Legend has it that my favourite movie at five years old was The Nightmare Before Christmas. My mother, who travelled often since she worked as reporter, took me to see the H.R. Giger museum in Greyerz when I was eight (which was definitely too scary, and I’ve subsequently never watched any installment of the ALIEN franchise).

For someone who wanted me to grow up normally, she sure fuelled my obsession with the macabre and decaying wherever possible. In retrospective, it is no wonder I turned out goth in my years of teenage angst and beyond.

But when I entered Phantom Manor, stood in the foyer, saw the changing projections in the foyer mirrors, entered the stretching portrait room and was released into my first and only ride in a Doombuggy, I was hooked. The lights, the sounds, the spooky, misty atmosphere, the singing of the bride, Madame Leota bellowing from her crystal ball, the three-dimensional ghosts swirling around in the ballroom while chandeliers flew through the air, the music – it hit a part in my brain that said this is it. This exact aesthetic of fallen opulence and decay will forever be my jam.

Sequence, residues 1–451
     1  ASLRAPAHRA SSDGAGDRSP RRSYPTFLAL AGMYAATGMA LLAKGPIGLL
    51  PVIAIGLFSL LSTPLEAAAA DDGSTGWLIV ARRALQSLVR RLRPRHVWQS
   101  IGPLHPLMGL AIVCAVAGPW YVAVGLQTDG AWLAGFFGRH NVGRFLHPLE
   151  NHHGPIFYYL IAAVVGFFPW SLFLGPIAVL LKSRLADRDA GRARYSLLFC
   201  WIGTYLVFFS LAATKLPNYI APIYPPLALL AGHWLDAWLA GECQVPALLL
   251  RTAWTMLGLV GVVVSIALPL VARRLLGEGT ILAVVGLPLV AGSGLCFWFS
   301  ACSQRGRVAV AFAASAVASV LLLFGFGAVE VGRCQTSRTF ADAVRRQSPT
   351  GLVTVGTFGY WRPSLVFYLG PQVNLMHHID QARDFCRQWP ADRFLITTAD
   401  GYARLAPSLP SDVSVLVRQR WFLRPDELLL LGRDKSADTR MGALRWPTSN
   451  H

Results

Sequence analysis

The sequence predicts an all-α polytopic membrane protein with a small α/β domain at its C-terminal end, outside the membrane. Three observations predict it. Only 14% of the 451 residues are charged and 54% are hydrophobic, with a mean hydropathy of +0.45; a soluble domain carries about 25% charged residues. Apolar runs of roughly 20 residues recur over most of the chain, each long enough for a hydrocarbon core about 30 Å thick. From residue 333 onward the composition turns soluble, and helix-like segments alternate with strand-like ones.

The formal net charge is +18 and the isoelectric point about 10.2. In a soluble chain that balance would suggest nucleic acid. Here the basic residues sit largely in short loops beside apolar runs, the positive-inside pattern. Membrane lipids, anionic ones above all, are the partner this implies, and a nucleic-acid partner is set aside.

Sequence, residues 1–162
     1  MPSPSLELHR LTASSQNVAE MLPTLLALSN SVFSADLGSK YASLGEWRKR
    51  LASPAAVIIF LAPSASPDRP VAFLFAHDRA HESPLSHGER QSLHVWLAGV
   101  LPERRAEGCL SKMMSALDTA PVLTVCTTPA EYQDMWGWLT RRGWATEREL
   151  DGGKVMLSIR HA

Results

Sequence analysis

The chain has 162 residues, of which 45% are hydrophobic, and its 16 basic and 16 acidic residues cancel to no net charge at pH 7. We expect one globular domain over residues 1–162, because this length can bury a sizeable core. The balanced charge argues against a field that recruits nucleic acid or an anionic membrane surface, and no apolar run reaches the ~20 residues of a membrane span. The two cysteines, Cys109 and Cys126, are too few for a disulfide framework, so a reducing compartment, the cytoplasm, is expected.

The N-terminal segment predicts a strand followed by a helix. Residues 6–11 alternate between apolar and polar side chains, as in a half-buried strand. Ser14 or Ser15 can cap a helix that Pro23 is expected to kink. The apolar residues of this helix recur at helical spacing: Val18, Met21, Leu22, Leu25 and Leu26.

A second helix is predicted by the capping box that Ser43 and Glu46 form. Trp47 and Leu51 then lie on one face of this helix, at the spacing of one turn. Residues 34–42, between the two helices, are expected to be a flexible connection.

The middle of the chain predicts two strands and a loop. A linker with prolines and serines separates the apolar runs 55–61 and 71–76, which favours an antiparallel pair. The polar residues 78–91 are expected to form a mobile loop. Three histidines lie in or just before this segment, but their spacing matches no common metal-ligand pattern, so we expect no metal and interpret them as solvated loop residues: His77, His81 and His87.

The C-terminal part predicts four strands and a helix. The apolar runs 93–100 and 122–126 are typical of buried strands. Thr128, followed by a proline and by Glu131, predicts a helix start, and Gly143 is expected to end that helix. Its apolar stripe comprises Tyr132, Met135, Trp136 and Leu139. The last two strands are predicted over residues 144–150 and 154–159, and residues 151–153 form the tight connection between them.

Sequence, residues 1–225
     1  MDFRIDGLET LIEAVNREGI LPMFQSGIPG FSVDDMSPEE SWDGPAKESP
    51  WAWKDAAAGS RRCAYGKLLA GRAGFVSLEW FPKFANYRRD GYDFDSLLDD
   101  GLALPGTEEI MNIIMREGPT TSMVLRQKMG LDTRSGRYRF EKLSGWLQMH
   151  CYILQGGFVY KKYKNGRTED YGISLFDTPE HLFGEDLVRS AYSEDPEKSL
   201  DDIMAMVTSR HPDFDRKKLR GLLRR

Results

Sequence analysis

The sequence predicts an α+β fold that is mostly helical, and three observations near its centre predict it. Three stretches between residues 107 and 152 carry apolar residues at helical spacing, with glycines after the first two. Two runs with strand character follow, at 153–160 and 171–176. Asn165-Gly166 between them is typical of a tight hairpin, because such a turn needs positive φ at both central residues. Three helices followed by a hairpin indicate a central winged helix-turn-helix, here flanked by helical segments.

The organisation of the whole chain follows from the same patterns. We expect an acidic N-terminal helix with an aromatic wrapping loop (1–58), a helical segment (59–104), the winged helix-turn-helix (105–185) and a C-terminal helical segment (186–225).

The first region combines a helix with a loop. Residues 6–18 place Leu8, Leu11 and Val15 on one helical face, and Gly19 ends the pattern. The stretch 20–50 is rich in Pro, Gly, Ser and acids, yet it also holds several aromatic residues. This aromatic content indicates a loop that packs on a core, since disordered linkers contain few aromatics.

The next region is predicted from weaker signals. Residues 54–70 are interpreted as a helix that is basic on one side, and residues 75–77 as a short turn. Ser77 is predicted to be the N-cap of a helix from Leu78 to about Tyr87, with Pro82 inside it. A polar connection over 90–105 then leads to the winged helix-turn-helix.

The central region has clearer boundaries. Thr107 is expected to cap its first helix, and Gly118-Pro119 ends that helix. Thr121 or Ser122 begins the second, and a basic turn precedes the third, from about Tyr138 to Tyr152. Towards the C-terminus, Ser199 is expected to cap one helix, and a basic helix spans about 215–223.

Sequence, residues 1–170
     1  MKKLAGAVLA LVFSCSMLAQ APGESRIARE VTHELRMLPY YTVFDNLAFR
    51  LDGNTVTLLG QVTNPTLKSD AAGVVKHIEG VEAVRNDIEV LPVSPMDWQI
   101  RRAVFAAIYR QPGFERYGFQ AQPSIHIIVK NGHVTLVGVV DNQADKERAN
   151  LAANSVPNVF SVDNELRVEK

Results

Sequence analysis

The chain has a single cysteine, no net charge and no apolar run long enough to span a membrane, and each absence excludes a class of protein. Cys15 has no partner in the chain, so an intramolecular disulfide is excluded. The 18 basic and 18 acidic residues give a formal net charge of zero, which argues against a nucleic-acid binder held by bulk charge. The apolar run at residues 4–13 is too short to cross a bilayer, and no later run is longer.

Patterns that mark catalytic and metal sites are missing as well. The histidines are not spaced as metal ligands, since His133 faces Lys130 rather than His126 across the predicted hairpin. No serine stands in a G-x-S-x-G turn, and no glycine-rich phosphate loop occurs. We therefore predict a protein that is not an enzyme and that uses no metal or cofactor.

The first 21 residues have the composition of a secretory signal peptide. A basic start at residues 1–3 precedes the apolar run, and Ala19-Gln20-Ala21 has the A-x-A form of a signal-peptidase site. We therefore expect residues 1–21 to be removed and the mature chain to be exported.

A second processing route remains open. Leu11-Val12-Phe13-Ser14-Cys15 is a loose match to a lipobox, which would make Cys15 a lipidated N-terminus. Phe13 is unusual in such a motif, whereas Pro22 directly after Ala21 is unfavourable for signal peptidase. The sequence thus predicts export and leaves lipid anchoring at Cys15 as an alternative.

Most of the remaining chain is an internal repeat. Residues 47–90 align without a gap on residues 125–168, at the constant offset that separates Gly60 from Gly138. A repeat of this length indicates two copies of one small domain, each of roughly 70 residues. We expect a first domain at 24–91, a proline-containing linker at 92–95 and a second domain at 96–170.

I have been chasing that high ever since.

Here’s what the ride looked like in those days:

My kid self can confirm that the colours in this are pretty accurate. Careful: may induce motion sickness.

Couldn’t see a thing? Here’s is what the ride looked like last year and in 4K after its refurbishment:

This is a how the ride looked last year – if anyone can dig up a vintage edition from around 2000 – hit me up!

Lasting Impressions